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Presence and Persistence of Ebola or Marburg Virus in Patients and Survivors: A Rapid Systematic Review

Brainard, J, Pond,, K, Hooper, L, Edmunds, K and Hunter, P (2016) Presence and Persistence of Ebola or Marburg Virus in Patients and Survivors: A Rapid Systematic Review PLoS Neglected Tropical Diseases, 10 (2).

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Abstract

Background: The 2013-15 Ebola outbreak was unprecedented due to sustained transmission within urban environments and thousands of survivors. In 2014 the World Health Organization stated that there was insufficient evidence to give definitive guidance about which body fluids are infectious and when they pose a risk to humans. We report a rapid systematic review of published evidence on the presence of filoviruses in body fluids of infected people and survivors. Methods: Scientific articles were screened for information about filovirus in human body fluids. The aim was to find primary data that suggested high likelihood of actively infectious filovirus in human body fluids (viral RNA). Eligible infections were from Marburg virus (MARV or RAVV) and Zaire, Sudan, Taï Forest and Bundibugyo species of Ebola. [1] Cause of infection had to be laboratory confirmed (in practice either tissue culture or RT-PCR tests), or evidenced by compatible clinical history with subsequent positivity for filovirus antibodies or inflammatory factors. Data were extracted and summarized narratively. Results: 6831 unique articles were found, and after screening, 33 studies were eligible. For most body fluid types there were insufficient patients to draw strong conclusions, and prevalence of positivity was highly variable. Body fluids taken >16 days after onset were usually negative. In the six studies that used both assay methods RT-PCR tests for filovirus RNA gave positive results about 4 times more often than tissue culture. Conclusions: Filovirus was reported in most types of body fluid, but not in every sample from every otherwise confirmed patient. Apart from semen, most non-blood, RT-PCR positive samples are likely to be culture negative and so possibly of low infectious risk. Nevertheless, it is not apparent how relatively infectious many body fluids are during or after illness, even when culture-positive, not least because most test results come from more severe cases. Contact with blood and blood-stained body fluids remains the major risk for disease transmission because of the known high viral loads in blood.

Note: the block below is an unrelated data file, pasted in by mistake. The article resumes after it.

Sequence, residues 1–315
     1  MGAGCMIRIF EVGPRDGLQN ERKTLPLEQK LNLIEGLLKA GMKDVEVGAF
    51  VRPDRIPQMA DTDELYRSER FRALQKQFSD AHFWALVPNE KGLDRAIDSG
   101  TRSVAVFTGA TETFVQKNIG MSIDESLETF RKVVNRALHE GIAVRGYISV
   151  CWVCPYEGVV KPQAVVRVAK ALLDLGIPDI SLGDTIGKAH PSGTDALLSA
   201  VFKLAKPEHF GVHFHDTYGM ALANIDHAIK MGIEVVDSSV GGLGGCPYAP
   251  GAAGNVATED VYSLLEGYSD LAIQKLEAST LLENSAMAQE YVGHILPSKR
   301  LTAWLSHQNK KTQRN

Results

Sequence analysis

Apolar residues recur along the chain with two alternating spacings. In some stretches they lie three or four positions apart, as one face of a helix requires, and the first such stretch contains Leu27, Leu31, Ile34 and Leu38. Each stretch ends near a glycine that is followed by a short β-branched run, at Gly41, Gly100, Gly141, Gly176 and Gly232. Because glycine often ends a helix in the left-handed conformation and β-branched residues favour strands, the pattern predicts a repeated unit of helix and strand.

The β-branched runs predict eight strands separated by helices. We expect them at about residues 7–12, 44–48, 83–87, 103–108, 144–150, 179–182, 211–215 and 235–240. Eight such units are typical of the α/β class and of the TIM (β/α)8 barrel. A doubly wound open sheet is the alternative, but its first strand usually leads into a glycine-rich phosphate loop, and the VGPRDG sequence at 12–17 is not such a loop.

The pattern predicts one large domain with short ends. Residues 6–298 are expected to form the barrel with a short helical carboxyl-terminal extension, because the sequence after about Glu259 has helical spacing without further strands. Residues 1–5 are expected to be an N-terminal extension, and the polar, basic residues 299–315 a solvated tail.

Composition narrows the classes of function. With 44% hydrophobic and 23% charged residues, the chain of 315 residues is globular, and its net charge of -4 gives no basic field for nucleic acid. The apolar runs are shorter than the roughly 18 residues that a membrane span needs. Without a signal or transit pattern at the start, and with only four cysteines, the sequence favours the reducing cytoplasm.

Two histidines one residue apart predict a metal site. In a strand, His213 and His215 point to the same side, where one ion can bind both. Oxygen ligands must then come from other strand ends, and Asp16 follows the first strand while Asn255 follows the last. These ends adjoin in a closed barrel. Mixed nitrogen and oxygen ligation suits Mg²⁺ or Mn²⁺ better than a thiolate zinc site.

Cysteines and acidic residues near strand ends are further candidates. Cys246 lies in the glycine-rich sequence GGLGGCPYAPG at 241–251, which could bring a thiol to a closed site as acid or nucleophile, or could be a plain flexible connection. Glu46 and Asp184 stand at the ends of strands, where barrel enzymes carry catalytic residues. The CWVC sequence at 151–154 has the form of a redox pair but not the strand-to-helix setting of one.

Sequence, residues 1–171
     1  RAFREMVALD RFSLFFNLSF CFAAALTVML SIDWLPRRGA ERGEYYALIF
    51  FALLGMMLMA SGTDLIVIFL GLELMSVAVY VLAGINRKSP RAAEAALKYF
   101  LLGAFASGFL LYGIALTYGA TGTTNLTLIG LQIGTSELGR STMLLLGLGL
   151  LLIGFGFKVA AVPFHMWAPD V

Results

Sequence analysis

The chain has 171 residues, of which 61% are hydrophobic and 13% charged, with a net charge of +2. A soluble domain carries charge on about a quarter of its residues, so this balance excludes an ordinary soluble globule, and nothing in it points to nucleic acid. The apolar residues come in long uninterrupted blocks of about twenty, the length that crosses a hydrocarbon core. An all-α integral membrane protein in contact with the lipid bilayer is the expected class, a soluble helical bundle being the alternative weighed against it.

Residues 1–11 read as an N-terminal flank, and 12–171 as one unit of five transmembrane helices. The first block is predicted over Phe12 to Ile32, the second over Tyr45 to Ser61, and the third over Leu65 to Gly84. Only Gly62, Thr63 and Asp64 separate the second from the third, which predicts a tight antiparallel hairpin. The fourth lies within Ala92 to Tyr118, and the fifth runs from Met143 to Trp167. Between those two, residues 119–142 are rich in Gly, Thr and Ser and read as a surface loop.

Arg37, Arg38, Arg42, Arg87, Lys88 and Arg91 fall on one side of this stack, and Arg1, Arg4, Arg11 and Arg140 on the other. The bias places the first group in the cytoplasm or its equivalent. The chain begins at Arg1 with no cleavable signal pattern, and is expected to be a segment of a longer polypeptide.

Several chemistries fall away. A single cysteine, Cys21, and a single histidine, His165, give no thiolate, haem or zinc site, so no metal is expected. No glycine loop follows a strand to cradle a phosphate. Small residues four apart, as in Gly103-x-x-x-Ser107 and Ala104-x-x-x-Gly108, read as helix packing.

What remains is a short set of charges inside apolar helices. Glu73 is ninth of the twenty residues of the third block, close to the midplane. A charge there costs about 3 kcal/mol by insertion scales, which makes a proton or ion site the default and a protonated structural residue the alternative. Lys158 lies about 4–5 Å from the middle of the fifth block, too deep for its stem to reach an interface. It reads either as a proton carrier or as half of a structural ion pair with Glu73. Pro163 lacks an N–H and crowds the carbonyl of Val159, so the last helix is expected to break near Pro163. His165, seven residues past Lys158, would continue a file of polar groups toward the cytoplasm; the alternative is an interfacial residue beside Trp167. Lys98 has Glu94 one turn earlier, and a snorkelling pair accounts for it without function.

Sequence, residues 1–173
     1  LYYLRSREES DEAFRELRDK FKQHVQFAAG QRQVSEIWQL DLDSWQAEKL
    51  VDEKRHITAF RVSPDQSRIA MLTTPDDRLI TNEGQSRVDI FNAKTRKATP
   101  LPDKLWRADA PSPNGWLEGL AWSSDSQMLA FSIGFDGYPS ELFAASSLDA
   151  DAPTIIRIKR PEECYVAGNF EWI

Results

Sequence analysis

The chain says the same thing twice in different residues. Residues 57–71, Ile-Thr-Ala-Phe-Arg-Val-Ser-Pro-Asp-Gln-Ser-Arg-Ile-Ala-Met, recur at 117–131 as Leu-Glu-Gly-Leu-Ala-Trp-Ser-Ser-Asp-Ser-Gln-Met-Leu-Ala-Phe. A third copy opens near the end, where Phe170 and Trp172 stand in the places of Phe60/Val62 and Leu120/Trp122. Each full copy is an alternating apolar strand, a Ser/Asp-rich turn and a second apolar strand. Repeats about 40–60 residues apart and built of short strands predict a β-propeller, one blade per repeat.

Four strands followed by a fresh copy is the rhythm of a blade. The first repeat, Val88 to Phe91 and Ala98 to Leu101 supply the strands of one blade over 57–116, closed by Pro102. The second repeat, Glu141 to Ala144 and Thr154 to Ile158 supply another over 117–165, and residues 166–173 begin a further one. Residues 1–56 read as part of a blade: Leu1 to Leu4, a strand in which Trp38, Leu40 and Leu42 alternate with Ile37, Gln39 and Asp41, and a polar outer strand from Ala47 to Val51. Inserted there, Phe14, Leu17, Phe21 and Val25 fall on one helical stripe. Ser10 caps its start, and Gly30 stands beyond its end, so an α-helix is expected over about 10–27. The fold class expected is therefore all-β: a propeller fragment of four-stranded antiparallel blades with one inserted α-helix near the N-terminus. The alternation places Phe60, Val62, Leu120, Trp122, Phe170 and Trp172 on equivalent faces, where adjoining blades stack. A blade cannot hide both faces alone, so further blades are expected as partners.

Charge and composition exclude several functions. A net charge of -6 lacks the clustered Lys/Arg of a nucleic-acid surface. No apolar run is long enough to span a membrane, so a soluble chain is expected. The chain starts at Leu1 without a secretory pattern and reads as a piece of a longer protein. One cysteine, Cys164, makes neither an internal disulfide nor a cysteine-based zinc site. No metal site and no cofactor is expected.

Item Type: Article
Subjects : Civil and Environmental Engineering
Divisions : Faculty of Engineering and Physical Sciences > Civil and Environmental Engineering
Authors :
AuthorsEmailORCID
Brainard, JUNSPECIFIEDUNSPECIFIED
Pond,, KUNSPECIFIEDUNSPECIFIED
Hooper, LUNSPECIFIEDUNSPECIFIED
Edmunds, KUNSPECIFIEDUNSPECIFIED
Hunter, PUNSPECIFIEDUNSPECIFIED
Date : 29 February 2016
Identification Number : 10.1371/journal.pntd.0004475
Copyright Disclaimer : © 2016 Brainard et al. This is an open access article distributed under the terms of the Creative Commons Attribution License, which permits unrestricted use, distribution, and reproduction in any medium, provided the original author and source are credited.
Additional Information : Published under a CC-BY license.
Depositing User : Symplectic Elements
Date Deposited : 03 Feb 2016 13:54
Last Modified : 04 May 2016 09:53
URI: http://epubs.surrey.ac.uk/id/eprint/809877

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